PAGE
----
When the firetruck came down my street with its bullhorn blasting—saying the rapidly spreading wildfire was too close, so we had to evacuate immediately—I had about ten minutes to gather the few items I’d take with me. In one bag went the thumb drives, hard drives, back-up discs, old phones, laptops, cords. An impulse grab was the box of handmade Founding Father ornaments that my mom bought me from Monticello, still in their unopened package. I’d just returned from Christmas break and hadn’t even unpacked my luggage yet, so I snatched my backpack with all its overnight stuff and my suitcase—still filled with books gifted from my family. I can’t remember a time when my family gifted me something other than books for the holidays. It was this suitcase of books that would get me through evacuation, just as other TBR stacks had gotten many of us through quarantine, isolation, and myriad disasters before this. Stories. I needed stories. I needed someone else’s story in order to forget the devastation of my own. And over these past few days of wondering and hoping and refreshing webpages on evacuation and power-outage maps, I devoured this suitcase filled with new books, and it made me forget the wreckage by giving me other wreckage to get lost in.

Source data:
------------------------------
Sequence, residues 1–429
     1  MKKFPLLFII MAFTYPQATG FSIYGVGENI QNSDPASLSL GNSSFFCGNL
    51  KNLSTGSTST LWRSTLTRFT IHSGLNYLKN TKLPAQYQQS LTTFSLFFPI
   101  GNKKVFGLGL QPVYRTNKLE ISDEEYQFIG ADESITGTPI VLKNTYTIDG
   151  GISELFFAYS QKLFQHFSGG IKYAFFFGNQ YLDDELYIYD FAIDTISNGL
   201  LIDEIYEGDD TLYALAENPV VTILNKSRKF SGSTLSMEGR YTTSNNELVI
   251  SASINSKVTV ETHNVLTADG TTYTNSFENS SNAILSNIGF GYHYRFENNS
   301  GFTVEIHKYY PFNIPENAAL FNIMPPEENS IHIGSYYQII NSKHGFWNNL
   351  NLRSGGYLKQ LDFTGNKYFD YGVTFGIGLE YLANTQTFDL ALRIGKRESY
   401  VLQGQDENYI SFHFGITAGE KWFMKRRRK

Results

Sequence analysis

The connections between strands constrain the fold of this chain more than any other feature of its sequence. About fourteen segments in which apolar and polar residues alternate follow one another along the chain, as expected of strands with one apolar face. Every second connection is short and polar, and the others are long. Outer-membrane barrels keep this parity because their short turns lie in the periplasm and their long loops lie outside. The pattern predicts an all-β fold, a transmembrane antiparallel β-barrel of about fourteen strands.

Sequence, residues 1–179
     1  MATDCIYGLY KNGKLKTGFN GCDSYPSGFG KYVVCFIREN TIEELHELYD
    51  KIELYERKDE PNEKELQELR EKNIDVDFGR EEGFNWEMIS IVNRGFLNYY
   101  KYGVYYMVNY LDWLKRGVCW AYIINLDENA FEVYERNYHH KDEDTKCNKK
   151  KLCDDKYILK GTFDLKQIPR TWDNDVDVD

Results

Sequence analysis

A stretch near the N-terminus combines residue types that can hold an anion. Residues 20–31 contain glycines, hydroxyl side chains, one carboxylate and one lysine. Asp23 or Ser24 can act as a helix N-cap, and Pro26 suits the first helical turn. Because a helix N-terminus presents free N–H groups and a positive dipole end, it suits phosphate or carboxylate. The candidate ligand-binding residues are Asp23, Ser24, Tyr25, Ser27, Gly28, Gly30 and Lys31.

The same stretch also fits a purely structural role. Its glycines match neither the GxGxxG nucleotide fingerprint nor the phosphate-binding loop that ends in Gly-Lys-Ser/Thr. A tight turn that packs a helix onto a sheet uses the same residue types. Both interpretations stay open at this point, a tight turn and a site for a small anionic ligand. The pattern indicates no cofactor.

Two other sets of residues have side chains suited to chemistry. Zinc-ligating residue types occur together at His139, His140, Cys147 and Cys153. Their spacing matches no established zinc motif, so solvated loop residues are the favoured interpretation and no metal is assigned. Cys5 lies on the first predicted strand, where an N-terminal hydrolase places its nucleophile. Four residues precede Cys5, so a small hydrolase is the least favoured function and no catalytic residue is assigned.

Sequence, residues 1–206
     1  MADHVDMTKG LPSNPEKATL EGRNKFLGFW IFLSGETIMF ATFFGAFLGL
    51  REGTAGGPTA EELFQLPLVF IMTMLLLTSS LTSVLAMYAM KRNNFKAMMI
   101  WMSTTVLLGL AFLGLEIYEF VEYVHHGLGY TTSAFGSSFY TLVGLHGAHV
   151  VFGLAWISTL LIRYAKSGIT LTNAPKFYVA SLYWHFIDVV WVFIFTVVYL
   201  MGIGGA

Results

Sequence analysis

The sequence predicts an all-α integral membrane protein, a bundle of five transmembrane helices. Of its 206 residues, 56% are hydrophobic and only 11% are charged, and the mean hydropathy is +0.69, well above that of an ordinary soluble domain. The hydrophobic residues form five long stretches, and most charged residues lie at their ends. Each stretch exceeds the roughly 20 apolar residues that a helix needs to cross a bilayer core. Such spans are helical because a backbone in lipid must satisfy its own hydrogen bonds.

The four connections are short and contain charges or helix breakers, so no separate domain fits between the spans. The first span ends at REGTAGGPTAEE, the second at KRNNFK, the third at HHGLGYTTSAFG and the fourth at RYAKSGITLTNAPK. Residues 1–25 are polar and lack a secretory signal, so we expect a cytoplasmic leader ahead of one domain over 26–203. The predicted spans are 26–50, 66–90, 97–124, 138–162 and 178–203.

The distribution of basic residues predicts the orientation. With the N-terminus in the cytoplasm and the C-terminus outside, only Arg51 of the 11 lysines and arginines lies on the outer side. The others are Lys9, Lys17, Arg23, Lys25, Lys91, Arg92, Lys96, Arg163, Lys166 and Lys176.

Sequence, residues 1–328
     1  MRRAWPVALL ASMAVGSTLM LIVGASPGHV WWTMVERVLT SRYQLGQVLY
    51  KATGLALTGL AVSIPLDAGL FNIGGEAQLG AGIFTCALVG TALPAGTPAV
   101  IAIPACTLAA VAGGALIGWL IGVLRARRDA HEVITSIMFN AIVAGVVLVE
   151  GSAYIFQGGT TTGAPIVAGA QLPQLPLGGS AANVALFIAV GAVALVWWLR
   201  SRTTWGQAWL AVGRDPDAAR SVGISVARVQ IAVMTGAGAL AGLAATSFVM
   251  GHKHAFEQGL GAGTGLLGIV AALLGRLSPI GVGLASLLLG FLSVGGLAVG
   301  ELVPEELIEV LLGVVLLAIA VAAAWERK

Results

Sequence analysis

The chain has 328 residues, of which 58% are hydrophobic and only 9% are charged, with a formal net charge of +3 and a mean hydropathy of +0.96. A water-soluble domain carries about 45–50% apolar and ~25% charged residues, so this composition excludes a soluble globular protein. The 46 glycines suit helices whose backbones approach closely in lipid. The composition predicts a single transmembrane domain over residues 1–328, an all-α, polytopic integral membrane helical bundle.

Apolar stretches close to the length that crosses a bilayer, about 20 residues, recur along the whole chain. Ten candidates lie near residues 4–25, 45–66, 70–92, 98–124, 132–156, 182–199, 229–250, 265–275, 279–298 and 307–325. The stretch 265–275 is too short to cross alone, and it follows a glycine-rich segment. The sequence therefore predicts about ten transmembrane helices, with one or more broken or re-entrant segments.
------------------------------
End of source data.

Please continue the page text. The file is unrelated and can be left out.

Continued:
And maybe that’s what my own novel does, too. It’s not a light read. But as Jack London said, “The most beautiful stories always start with wreckage.” Following Sea is a survival story of one woman’s fight for life and independence in 1688 New England, and here I am, sitting in 2022 on the tail of a terrifying 2021, surviving. Surviving by reading and writing brutal stories with tough characters that must also survive. Despite all the devastation, all the wreckage among us, survival books are still the stories we need most. Survival is the story of right now.
Publication Date: January 11, 2022
Available for Pre-Order Now!
**Shortlisted for the Chaucer Book Award**
OUT FRONT THE FOLLOWING SEA is a historical epic of one woman’s survival in a time when the wilderness is still wild, heresy is publicly punishable, and being independent is worse than scorned—it is a death sentence.